Irregular military techniques that were perfected while expropriating Native American lands were then applied to fighting the Mexican Republic. At the time of its independence from Spain in 1821, the territory of Mexico included what is now the states of California, New Mexico, Arizona, Colorado, Nevada, Utah, and Texas. Upon independence, Mexico continued the practice of allowing non-Mexicans to acquire large swaths of land for development under land grants, with the assumption that this would also mean the welcome eradication of indigenous peoples. By 1836 nearly 40,000 Americans, nearly all slavers (and not counting the enslaved), had moved to Mexican Texas. Their ranger militias were a part of the settlement, and in 1835 became formally institutionalized as the Texas Rangers. Their principal state-sponsored task was the eradication of the Comanche nation and all other Native peoples in Texas. Mounted and armed with the new killing machine, the five-shot Colt Paterson revolver, they did so with dedicated precision.

Having perfected their art in counterinsurgency operations against Comanches and other Native communities, the Texas Rangers went on to play a significant role in the U.S. invasion of Mexico. As seasoned counterinsurgents, they guided U.S. Army forces deep into Mexico, engaging in the Battle of Monterrey. Rangers also accompanied General Winfield Scott’s army and the Marines by sea, landing in Vera Cruz and mounting a siege of Mexico’s main commercial port city. They then marched on, leaving a path of civilian corpses and destruction, to occupy Mexico City, where the citizens called them Texas Devils. In defeat and under military occupation, Mexico ceded the northern half of its territory to the United States, and Texas became a state in 1845. Soon after, in 1860, Texas seceded, contributing its Rangers to the Confederate cause. After the Civil War, the Texas Rangers picked up where they had left off, pursuing counterinsurgency against both remaining Native communities and resistant Mexicans.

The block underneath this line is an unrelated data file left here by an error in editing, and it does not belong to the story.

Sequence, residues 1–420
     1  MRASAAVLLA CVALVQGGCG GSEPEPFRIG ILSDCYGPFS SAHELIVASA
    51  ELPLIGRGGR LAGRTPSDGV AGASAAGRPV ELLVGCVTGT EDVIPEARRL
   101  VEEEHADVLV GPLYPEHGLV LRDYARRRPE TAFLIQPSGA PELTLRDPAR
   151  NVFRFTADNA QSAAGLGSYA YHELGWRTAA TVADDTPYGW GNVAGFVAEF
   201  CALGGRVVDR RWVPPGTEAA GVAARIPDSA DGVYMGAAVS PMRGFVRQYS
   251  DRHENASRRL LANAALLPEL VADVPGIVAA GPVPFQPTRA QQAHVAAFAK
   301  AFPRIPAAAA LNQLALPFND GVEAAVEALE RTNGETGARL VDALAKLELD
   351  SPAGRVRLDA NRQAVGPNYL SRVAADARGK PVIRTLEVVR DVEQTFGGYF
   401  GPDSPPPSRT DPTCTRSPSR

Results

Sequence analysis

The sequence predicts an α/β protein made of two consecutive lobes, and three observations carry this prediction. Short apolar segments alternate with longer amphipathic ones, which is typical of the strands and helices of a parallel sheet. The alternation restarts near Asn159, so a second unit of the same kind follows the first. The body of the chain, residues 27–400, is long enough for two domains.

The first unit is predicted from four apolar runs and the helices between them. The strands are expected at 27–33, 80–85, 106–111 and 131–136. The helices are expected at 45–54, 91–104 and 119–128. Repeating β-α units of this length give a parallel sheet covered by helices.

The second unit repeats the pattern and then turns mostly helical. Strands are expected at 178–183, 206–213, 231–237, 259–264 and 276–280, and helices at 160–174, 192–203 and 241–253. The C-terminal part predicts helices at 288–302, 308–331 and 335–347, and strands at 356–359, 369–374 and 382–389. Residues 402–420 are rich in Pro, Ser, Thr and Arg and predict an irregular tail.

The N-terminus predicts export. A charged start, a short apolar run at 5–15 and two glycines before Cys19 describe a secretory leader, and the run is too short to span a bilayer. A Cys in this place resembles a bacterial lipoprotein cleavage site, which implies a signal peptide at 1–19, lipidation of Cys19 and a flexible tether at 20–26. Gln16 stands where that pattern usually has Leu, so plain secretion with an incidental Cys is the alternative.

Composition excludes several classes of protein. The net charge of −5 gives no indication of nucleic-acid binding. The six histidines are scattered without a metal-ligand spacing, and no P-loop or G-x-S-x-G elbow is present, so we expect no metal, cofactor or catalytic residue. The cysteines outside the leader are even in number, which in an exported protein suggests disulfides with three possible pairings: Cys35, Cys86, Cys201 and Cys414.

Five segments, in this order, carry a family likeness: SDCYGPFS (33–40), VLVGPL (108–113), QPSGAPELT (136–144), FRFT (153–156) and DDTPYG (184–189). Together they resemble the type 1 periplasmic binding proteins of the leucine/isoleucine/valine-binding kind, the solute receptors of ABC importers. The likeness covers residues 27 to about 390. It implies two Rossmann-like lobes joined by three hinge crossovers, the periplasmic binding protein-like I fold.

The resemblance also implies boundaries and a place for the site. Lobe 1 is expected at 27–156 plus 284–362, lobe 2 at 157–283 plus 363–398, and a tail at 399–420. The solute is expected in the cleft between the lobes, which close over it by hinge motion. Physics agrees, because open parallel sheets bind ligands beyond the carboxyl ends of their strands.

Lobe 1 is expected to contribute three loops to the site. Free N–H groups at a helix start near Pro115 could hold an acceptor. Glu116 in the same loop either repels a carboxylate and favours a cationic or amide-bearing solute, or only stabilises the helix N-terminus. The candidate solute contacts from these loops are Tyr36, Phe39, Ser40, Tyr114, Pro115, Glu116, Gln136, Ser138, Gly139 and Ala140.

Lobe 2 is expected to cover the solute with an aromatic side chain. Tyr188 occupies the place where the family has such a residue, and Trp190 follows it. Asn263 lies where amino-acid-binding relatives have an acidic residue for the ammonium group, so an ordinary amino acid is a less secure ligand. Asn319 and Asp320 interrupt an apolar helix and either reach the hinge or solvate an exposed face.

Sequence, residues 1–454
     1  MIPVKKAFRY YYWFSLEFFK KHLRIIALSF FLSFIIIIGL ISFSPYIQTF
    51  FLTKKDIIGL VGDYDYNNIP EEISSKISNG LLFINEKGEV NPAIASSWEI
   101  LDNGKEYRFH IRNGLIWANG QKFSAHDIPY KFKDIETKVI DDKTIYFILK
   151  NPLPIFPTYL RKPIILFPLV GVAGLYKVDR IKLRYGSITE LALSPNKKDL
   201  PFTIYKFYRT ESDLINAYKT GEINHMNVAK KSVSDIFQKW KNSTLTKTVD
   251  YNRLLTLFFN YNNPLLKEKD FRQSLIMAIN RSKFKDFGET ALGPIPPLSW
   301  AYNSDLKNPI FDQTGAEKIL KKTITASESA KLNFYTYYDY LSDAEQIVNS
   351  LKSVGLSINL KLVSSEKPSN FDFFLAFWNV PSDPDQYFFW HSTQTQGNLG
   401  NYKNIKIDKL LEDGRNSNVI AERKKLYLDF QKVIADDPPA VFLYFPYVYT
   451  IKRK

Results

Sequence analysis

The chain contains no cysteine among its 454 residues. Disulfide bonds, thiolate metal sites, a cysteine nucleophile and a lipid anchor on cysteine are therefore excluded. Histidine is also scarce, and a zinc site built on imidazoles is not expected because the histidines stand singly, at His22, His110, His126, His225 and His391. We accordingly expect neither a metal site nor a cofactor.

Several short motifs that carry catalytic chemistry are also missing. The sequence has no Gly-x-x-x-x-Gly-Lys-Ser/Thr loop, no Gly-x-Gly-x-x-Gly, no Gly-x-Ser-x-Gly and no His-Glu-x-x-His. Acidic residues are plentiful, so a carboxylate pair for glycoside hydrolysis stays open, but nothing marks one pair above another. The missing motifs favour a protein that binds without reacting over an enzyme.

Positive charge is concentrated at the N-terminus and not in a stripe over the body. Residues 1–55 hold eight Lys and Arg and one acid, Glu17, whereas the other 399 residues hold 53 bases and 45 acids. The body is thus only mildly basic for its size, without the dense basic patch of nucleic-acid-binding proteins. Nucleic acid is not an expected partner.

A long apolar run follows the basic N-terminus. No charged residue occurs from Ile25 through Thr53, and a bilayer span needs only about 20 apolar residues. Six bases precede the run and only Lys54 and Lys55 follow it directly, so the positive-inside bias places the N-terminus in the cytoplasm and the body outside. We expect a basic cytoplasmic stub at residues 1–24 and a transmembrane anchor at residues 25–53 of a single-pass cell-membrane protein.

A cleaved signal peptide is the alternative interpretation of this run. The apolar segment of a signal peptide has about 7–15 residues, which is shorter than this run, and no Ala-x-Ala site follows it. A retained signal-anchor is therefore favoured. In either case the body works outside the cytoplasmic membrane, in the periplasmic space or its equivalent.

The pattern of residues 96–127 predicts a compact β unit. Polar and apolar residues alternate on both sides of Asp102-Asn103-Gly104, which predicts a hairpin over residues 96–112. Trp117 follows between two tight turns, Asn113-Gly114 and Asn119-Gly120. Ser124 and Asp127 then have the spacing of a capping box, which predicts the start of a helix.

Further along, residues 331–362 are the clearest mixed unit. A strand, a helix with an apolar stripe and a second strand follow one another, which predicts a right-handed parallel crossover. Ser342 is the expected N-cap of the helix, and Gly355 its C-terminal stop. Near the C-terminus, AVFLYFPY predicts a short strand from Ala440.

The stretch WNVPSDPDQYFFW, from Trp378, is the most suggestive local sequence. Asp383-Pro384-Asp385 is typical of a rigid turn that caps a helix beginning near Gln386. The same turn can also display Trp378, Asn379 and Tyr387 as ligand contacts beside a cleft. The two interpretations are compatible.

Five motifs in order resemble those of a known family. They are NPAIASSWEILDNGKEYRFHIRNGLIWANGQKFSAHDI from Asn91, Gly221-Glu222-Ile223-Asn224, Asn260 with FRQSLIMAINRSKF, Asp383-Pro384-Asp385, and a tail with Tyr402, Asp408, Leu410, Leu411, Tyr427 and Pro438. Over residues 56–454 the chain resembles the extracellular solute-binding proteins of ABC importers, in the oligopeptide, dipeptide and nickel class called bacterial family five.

The Marines also trace half of their mythological origins to the invasion of Mexico that nearly completed the continental United States. The opening lyric of the official hymn of the Marine Corps, composed and adopted in 1847, is “From the Halls of Montezuma to the shores of Tripoli.” Tripoli refers to the First Barbary War of 1801–5, when the Marines were dispatched to North Africa by President Thomas Jefferson to invade the Berber Nation, shelling the city of Tripoli, taking captives, and blockading key Barbary ports for nearly four years. The “Hall of Montezuma,” though, refers to the invasion of Mexico: while the U.S. Army occupied what is now California, Arizona, and New Mexico, the Marines invaded by sea and marched to Mexico City, murdering and torturing civilian resisters along the way.

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White supremacists are not wrong when they claim that they understand something about the American Dream that the rest of us do not, though it is nothing to brag about.

So what does it matter, for those of us who strive for peace and justice, that the U.S. military had its start in killing indigenous populations, or that U.S. imperialism has its roots in the expropriation of indigenous lands?